Hanbok in Chuseok

“Chuseok” means Thanksgiving Day in Korea. It is one of the biggest and most important holidays that Koreans celebrate.

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This three-day holiday is also a celebration of good harvest festival. Traditionally Koreans visit their ancestral hometowns and families come together to share food.

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For foreigners living and working in Korea, this holiday is one of the most anticipated one as it is a long break from those hard works. Often they wander around Korea with their friends.

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For Filipinos in South Korea (FILIPOS), they celebrated the first day of Chuseok on their photo walk at Gyeongbukgung Palace wearing the Korean traditional dress, Hanbok.

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Gyeongbuk palace, was the main royal palace during the Joseon dynasty. It is the largest among the five grand palaces in Korea: Changdeokgung, Changgyeonggung, Deoksugung, Gyeonghuigung and Gyeongbokgung.

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Wearing hanbok and walking around the palaces is one of a great experience that you may try when in Korea. It feels like you’re part of their formidable history.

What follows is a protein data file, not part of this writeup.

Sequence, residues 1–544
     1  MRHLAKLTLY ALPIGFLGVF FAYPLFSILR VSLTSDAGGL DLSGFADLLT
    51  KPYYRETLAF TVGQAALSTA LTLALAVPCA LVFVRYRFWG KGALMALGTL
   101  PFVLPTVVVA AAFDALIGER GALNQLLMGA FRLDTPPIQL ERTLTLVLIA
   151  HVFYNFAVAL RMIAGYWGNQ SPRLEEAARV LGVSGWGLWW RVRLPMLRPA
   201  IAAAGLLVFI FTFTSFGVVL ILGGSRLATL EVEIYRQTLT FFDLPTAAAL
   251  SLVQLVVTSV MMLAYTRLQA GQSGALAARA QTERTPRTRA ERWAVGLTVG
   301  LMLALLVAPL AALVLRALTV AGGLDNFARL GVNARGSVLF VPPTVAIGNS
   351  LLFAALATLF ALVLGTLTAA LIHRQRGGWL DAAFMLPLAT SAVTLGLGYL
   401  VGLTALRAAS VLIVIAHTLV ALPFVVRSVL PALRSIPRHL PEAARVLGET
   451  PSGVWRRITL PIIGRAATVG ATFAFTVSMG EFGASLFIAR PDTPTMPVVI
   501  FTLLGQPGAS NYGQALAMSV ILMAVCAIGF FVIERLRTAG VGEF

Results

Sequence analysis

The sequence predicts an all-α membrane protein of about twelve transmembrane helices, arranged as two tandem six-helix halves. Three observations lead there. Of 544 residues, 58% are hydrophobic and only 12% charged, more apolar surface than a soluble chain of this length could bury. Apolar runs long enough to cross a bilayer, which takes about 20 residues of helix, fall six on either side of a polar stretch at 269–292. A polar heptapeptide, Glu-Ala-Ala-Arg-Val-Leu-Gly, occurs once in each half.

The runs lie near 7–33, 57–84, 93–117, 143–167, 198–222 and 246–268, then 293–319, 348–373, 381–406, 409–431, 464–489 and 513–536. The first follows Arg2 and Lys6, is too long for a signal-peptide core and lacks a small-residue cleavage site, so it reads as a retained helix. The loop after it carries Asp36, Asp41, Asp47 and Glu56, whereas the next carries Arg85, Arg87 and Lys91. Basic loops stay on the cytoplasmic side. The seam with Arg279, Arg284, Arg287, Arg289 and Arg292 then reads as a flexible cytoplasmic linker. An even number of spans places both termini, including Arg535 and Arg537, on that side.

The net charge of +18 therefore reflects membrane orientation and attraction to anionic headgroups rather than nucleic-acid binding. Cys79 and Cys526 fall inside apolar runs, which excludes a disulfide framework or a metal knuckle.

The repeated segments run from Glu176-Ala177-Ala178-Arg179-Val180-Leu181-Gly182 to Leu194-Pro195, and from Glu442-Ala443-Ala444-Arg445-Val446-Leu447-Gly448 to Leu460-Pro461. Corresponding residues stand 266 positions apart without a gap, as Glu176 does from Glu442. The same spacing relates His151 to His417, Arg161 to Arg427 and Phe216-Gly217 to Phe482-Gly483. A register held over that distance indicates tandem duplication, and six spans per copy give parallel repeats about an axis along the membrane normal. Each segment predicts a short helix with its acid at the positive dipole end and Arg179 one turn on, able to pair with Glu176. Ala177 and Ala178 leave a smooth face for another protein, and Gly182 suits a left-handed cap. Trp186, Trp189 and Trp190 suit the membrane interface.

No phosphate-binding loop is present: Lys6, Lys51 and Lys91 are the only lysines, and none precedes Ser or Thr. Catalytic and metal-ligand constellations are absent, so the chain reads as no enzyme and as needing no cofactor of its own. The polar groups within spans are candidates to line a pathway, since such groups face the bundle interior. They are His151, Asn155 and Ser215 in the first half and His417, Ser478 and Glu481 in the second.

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You can visit Gyeongbokgung any day of the week, but if you want to experience a special visit, though that will be a lot of visitors I’m sure, you must choose the date of those special holidays.

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Multi cultural family.

Why? Simply, because a lot of these palace visitors will wear a special Korean traditional dress and that will complete the ambiance of this historic landmark and will make your visit a really good one.

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The King and Queen.

Hanbok rentals are available near the palace vicinity, but ours was rented at Hanbok Plus Shop which can be found at exit 2 of Gyeongbokgung station, line 3.

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Filipos in Hanbok.

Gyeongbokgung is located at exit 5 (about 2 minutes walk) of Gyeongbukgung station, line 3 or Gwangwhamun station.

Enjoy the rest of Chuseok holidays!

 

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2 thoughts on “Hanbok in Chuseok

  1. Pingback: Fall foliage in South Korea | When In South Korea

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